Yesid R Garavito-Duarte, Crystal L Levesque, Kevin Herrick, Jorge Y Perez-Palencia

A corn-fermented protein ingredient can be included in early nursey diets without compromising pig growth performance and health status

  • General Veterinary
  • Animal Science and Zoology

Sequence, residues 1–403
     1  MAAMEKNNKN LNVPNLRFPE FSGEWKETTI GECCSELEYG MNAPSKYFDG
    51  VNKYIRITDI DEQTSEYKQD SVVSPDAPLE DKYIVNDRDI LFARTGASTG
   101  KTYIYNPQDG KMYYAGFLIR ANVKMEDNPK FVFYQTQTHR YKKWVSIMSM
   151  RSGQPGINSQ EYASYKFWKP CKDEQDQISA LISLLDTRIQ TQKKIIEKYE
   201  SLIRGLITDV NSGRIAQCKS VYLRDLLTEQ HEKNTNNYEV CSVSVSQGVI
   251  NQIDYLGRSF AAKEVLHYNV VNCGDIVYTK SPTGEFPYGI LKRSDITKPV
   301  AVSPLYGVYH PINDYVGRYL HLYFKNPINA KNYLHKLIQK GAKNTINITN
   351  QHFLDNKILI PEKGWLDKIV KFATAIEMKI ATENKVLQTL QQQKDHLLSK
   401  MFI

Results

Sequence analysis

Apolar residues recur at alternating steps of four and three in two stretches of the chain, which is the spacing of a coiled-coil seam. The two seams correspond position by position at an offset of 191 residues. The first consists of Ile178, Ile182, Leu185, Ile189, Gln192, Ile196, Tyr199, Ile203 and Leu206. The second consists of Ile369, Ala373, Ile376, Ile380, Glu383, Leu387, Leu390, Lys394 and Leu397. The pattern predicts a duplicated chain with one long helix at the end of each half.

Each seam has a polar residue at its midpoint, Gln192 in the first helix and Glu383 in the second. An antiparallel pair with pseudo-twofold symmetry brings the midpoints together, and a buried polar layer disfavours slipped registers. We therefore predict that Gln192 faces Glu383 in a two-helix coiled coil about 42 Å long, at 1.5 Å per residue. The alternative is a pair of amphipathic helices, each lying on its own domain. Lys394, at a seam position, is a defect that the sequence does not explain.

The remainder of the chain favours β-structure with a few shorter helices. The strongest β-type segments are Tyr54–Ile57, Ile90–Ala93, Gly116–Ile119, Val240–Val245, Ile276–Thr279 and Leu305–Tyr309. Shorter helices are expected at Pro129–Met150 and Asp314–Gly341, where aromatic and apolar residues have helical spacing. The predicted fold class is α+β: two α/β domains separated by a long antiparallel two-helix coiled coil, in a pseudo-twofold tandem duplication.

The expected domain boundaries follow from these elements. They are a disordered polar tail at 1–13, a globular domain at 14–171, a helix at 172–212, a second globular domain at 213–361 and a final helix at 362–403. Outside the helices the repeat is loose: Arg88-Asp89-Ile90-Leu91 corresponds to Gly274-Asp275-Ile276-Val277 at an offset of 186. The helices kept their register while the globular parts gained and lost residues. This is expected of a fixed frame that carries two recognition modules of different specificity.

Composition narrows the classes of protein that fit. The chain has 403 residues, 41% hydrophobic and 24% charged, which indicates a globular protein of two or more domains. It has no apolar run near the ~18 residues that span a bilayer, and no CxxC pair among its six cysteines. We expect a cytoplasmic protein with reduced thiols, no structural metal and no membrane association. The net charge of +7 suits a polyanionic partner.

Abstract In nursery diets, ingredients with high protein content and highly digestible nutrients, such as corn-fermented protein product with added yeast mass (GDDY), can be included as an alternative to common protein sources. This study investigated the dietary inclusion of GDDY as an alternative protein source on growth performance and intestinal health of weaned pigs. A total of 594 weaned pigs (5.7 ± 0.9 kg; 18.5 days of age) were allotted to 36 pens in a randomized incomplete block design. Pens were assigned to one of 4 dietary treatments: CON: a common nursery feeding program; SBM75: CON diet replacing 75% of soybean meal (SBM) with GDDY; FM/ESBM: CON diet without fish meal (FM) and enzyme-treated SBM (ESBM) + GDDY; GDDY50: CON diet replacing 50% of SBM, FM, and ESBM with GDDY. Experimental diets were formulated to meet nutrient requirements of nursery pigs and provided in meal form through 4 phases during the nursery period. Pig growth performance was assessed on days 7, 14, 21, 28, 42, and 53. Pen fecal score was assessed daily from d0 to d14, and three times per week from d15 to d35. Intestinal health was assessed based on plasma immunoglobulin A (IgA) concentration and the differential sugar absorption test. The total tract digestibility of dry matter (DM), crude protein (CP), gross energy (GE), and phosphorus was also evaluated. From d0 to d7 and d7 to d14, dietary treatment had no effect (P>0.05) on BW, ADG, and ADFI. For the rest of the experimental period, ADG and ADFI was greater (P<0.05) in pigs fed CON in comparison with those fed SBM75 and GDDY50 and did not differ from pigs fed FM/ESBM. Pigs fed GDDY50 tended (P=0.082) to have greater serum IgA concentration on d20 when compared with SBM75 and FM/ESBM pigs. There were no differences among dietary treatments for DM, CP, and GE digestibility. Phosphorus digestibility was higher in FM/ESBM (P<0.05) compared with SBM75 and GDDY50. These results supported the hypothesis that GDDY can be incorporated in nursery pig diets during the first couple weeks after weaning without affecting growth performance. However, in the late nursery period inclusion levels starting at 14% can compromise performance.

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